An ex-husband and wife team star in a musical version of 'The Taming of the Shrew'; off-stage, the production is troublesome with ex-lovers' quarrels and a gangster looking for some money owed to them.
Matchmaker Dolly Levi travels to Yonkers to find a partner for "half-a-millionaire" Horace Vandergelder, convincing his niece, his niece's intended, and his two clerks to travel to New York City along the way.
In the Oklahoma territory at the turn of the twentieth century, two young cowboys vie with a violent ranch hand and a traveling peddler for the hearts of the women they love.Written by
Scott Lane <firstname.lastname@example.org>
During the auction scene, when Aunt Eller forcefully slams the gavel on Curly's high bid, the hammer breaks, and the head launches towards the camera, almost hitting the lens. See more »
There's a bright golden haze on the meadow, There's a bright golden haze on the meadow. The corn is as high as a elephant's eye, And it looks like it's climbin' clear up to the sky. Oh, what a beautiful mornin', Oh, what a beautiful day! I got a beautiful feelin' Everything's goin' my way.
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Theatrical versions -- The Todd-AO 70mm version and the CinemaScope 35mm version are completely different, with different opening credits, each scene being shot twice and with different sound mixes. In the Todd-AO version, the titles appear against a black background; then, the black background fades out to reveal two rows of giant cornstalks, through which the camera tracks, until it finds Gordon MacRae singing "Oh, What a Beautiful Mornin". In the CinemaScope version, we first see the cornstalks, the camera tracks through them; then, as the words "Rodgers and Hammerstein present" appear on-screen, Gordon MacRae appears and rides up to the camera and then past it off left, as the title "Oklahoma!" appears. The rest of the opening credits in this version are shown against, first, a background of a barn, then, a meadow with a tree nearby. As the credits end, the camera cuts back to MacRae and he begins singing. At the end of the Todd-AO version, we see the words "Distributed by Magna". At the end of the CinemaScope version, we see the words "Distributed by RKO Pictures". See more »
`Oklahoma' is the sexiest film of the 1950s. The film is all about sex, (well, it's about romance, as well, but what does that lead to?). Curley keeps finding different ways to woo Laurie. Jud, who lives in a dug-out surrounded by pictures of naked women, has plans for her, too. Will and Ado Annie have plans of their own, if they can ever stop both their wandering eyes. Annie's father knows what they are up to and figures to use his shot gun to set things right. Those spyglasses with the interesting pictures keep showing up. Women dance around in their underwear and we visit a dance hall where they are similarly dressed except for the colors. Finally there is Laurie's skinny dipping sequence. I assume Shirley Jones had a flash-colored bathing suit, but who knows? Deep Throat isn't any more about sex than this film is. Yet it's Rogers and Hammerstein so it's shown constantly as a family film. Well, I guess that's how families get made!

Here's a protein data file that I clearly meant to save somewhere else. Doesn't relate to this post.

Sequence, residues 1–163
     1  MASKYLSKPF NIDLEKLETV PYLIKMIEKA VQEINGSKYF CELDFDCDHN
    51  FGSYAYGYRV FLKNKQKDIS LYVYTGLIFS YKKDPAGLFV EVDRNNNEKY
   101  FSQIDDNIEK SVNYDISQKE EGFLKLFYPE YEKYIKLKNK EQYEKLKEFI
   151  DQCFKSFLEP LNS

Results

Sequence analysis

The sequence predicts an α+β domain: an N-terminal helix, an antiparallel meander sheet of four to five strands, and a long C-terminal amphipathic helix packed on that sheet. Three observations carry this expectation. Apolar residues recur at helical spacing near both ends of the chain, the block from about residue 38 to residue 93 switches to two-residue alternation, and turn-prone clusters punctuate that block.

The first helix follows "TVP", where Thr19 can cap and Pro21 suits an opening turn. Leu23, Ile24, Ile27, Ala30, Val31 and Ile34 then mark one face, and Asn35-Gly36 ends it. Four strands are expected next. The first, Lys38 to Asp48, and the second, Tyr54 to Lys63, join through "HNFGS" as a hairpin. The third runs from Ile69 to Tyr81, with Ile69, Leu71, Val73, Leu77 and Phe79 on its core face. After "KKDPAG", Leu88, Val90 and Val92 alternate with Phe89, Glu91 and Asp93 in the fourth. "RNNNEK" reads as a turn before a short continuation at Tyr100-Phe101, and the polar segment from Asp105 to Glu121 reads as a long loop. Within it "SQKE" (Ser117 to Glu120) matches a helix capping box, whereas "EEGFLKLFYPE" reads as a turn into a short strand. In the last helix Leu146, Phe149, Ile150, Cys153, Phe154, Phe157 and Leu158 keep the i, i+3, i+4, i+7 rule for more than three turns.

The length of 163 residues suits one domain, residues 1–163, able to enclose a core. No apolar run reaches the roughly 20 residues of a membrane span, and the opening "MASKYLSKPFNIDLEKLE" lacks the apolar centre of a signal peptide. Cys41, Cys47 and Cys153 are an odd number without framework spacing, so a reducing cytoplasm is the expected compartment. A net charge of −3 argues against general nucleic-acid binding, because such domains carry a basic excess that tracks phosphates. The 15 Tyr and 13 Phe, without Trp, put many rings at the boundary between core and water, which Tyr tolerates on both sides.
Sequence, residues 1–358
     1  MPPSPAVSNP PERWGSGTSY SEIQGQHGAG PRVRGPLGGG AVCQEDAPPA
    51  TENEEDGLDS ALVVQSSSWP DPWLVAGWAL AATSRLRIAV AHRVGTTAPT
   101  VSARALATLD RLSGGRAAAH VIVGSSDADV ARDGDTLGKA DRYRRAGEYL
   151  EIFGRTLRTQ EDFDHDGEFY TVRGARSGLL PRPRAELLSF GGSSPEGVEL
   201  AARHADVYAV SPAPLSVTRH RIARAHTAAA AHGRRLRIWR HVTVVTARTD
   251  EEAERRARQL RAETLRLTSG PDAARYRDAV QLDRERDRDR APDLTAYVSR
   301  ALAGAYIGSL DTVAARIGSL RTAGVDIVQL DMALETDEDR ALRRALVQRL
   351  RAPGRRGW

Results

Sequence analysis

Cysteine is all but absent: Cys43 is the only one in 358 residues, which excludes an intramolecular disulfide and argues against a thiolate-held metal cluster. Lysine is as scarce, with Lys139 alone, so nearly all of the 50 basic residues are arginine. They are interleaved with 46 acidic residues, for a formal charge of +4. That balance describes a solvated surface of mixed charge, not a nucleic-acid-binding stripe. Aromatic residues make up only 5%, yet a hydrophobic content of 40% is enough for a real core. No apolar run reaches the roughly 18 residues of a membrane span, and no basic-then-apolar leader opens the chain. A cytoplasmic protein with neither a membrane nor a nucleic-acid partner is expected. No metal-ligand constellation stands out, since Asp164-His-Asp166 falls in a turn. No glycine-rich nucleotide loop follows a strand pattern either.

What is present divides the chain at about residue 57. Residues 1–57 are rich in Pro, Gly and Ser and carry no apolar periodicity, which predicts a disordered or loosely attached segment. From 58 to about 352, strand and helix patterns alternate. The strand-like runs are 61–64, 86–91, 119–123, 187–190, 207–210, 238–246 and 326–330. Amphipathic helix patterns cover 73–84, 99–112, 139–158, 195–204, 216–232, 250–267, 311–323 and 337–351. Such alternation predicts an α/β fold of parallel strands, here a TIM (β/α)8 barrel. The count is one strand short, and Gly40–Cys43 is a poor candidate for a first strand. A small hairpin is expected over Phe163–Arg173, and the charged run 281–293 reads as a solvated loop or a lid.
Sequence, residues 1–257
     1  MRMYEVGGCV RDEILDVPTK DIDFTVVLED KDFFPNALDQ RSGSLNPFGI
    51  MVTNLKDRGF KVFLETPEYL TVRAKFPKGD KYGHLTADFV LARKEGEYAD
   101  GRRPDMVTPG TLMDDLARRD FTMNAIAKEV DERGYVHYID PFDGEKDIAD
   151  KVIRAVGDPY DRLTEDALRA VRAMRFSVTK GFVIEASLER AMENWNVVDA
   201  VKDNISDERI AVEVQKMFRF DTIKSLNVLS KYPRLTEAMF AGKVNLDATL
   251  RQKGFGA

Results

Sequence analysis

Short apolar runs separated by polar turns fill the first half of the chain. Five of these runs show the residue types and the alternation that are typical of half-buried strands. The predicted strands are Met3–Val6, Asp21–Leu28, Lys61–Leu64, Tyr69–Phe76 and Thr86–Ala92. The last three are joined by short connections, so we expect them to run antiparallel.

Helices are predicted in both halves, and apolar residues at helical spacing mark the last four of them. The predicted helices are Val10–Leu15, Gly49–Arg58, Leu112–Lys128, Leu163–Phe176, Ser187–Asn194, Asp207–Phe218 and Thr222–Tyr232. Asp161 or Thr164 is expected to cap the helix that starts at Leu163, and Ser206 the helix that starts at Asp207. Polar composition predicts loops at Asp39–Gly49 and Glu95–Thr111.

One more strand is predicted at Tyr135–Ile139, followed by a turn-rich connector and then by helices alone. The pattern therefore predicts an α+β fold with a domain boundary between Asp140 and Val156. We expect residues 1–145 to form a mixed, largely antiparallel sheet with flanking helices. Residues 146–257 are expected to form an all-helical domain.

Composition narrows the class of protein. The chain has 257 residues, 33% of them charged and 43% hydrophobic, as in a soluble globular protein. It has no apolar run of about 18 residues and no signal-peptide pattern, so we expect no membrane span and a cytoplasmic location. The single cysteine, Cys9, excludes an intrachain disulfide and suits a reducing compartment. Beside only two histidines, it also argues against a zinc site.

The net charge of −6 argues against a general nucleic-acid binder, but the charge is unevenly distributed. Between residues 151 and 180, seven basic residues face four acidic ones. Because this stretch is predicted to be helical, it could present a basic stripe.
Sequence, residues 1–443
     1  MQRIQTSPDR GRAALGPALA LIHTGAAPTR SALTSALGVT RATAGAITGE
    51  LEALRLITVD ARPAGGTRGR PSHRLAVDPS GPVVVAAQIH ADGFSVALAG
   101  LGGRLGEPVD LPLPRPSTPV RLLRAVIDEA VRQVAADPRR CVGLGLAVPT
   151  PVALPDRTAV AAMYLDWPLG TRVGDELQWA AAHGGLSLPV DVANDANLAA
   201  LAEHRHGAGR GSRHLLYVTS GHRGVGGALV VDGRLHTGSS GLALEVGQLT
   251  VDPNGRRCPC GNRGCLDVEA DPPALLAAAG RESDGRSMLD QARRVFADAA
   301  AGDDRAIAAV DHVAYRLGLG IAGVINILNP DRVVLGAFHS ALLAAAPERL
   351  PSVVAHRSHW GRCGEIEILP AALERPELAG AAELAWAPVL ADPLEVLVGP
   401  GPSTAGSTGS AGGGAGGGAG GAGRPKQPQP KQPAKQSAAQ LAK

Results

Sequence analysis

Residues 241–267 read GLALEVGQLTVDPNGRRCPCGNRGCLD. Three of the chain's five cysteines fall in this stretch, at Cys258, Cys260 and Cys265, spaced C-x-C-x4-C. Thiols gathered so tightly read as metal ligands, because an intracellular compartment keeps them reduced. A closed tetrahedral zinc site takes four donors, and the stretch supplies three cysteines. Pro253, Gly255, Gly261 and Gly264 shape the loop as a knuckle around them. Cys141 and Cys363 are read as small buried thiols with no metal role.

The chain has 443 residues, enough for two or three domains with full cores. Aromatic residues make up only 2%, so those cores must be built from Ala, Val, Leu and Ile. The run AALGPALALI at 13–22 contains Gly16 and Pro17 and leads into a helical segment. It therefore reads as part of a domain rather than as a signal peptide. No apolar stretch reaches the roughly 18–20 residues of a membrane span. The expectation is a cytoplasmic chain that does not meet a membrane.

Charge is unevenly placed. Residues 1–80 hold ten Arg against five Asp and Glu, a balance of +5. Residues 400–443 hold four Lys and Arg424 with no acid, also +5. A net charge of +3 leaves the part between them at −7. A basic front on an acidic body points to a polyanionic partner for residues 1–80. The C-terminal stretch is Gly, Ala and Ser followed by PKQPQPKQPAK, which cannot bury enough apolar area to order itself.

Other comments: I see nothing in the choreography that Gordon McRae and Shirley Jones couldn't have done, at least in the close-ups. We see Rod Steiger in the dream sequence and to see two other faces as Laurie and Curly kind of shatter the illusion.
While many sequences are clearly shot on a sound stage, the beautiful outdoors photography in Todd-AO adds so much to the spectacle. When I saw the recent tape of a British stage play of this, it had no where near the impact and this was one of the reasons.
Another was the casting, which was dead-on perfect. Gordon McRae is the picture of the singing cowboy, (which was not a Hollywood invention). He more than holds his own with Rod Steiger, a year after Steiger was holding his won with Brando. Shirley Jones is the image of Laurie. She has all the physical endowments of a Marilyn Monroe but with the added qualities of sweetness and intelligence that make her marvelously sexy and appealing. Steiger gives the piece dramatic weight. He also shows surprising singing ability, (this site says he had an operatic voice but no sense of key), Gloria Grahame is the ideal Ado Annie. I saw a clip of Celeste Holm, of whom I am a big fan, doing `I Can't Say No' on the Ed Sullivan show. She doesn't hold a candle to Grahame, who underplays the lines but has the sex coming out of her eyes, right along with the innocence. Gene Nelson is a wonderfully easy going dancing cowpoke and his songs with Ado Annie have unending charm. Charlotte Greenwood is a wonder as Aunt Eller, all arms and legs and home spun philosophy. James Whitmore makes a meal of shotgun toting Dad. Eddie Albert has one of his best roles as Ali Hakim. It's hard to imagine anyone being better in these roles.
Of course, Roger's and Hammerstein's music and lyrics are timeless. The title tune, `Oh What Beautiful Morning `, `Surrey With the Fringe on Top', `People Will Say We're in Love', `Everything's Up-to-Date in Kansas City', `I can't Say No', and the others keep playing in your memory long after you've heard them.
But that story, (you can't really call it a plot). Have you ever seen a musical like it?
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